McTiernan also had use of one of movies most exquisitely designed and realised creatures which helped somewhat, but the way in which the alien creature moved through the jungle was also part of its charm. Mattei has a robot that lumbers around muttering in a robotic voice all the time and looks like this:


The Cast

McTiernan populated his movie with charismatic badasses. Leading them was Arnold Schwarzenegger who, despite not being the greatest actor, has considerable presence and charisma. Mattei, on the other hand, casts one of my favourite b movie actors Reb Brown. Readers of this site should be familiar with Brown's work and the fact he never stops shouting. In Robowar he doesn't disappoint as he is seemingly incapable of pulling the trigger on his gun without screaming. As much as I like Brown he doesn't quite hold the movie together as well as Arnie, yet effort has been made to make him a unique character. For example, where Arnie's Dutch pins a guy to wall with a thrown knife and quips "stick around" Brown's Murphy pins a guy to wall with a thrown knife and quips "don't' move". He also winks as he says it.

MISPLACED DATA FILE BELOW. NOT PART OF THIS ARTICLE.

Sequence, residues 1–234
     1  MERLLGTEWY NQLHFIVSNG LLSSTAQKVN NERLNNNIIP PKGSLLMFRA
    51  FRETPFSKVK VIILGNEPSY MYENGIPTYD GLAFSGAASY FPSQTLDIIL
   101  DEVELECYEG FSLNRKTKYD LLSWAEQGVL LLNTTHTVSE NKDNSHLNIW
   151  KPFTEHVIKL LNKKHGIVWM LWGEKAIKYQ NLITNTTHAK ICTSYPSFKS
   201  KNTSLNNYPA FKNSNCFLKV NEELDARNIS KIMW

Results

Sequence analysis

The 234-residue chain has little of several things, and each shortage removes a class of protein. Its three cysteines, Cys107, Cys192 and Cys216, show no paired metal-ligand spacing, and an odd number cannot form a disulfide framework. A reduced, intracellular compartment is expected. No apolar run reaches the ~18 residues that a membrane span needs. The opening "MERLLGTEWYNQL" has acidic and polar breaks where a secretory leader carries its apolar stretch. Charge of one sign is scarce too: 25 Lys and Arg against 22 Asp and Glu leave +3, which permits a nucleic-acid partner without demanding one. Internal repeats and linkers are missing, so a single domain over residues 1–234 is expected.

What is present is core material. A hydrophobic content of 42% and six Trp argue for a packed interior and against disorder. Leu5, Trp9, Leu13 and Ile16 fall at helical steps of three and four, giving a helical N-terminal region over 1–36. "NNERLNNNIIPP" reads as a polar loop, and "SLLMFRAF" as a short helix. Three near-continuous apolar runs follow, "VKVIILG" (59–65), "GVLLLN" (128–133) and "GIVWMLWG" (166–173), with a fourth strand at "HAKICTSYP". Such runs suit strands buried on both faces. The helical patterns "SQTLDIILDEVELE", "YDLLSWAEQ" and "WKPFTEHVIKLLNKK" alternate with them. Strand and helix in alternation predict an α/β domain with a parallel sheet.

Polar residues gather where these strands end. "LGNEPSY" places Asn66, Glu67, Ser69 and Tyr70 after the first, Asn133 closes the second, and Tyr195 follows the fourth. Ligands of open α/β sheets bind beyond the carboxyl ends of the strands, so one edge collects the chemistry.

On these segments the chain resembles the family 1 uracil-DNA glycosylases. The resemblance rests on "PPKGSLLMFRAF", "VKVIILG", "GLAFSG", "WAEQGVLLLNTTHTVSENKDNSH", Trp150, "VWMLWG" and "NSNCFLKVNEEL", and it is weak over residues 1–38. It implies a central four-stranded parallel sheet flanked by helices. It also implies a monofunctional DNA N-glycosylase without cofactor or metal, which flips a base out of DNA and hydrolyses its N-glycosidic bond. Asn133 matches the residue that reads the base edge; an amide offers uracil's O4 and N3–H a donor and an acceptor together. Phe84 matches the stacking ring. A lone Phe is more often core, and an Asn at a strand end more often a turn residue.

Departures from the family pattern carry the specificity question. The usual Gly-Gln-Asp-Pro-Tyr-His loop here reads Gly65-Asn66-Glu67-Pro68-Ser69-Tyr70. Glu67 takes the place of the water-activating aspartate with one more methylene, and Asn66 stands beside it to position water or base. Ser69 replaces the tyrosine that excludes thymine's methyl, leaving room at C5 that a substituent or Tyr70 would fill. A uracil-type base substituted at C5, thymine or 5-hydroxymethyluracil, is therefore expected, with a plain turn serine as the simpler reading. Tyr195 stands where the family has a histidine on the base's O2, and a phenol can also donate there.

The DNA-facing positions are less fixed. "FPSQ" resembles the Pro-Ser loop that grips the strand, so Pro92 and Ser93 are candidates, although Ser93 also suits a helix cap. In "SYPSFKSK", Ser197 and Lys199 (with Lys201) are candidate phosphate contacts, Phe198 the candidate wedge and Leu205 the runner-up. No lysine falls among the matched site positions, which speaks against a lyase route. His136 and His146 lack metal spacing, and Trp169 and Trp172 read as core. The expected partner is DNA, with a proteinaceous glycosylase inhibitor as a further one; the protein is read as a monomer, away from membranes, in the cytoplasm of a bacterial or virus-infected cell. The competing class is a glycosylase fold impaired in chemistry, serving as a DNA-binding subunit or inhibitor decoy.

The rest of B.A.M. don't really get much to do except die off-screen. Quang, on the other hand, plays a slightly bigger role being an ethnic tracker with some greater, almost mystic, sense of what is going on. Oh wait, that's the same as Billy in Predator. Well at least he doesn't offer to hold off the hunter by bearing his chest and pulling a large knife and…



Oh, right. Okay ignore everything I said about Quang.


The Finale

Forgoing the back-to-basics warfare between man and monster, Mattei loads his climax with a twist. The robot killer is actually a cyborg made from the remains of Brown's long-thought dead best friend. Once the two make eye contact they realise they should not be fighting each other. Actually, that's not the case. Brown immediately shoves him over and explodes him. Luckily, the robot survives and they get to have another heart-breaking moment of eye contact. This time Brown does some acting and the robot hands him a device that can kill him. I can only assume he does this because he has become tired of being a robot, or something. Anyway, he explodes again and Murphy leaps of a waterfall screaming as he does. We then get the credits which begins with a shot of each of the cast members and their names, exactly like Predator.


Okay, I'm fooling no-one. This film is essentially a shittier Predator. Having said that it is a hoot. The one sustained action sequence the movie has is not only competent but full of fun moments (a guy blowing someone up with a grenade then shooting him) while the film is peppered with magic moments throughout its running time. Copycat or not, Mattei knows how to give a good time, even if he doesn't realise he is doing it.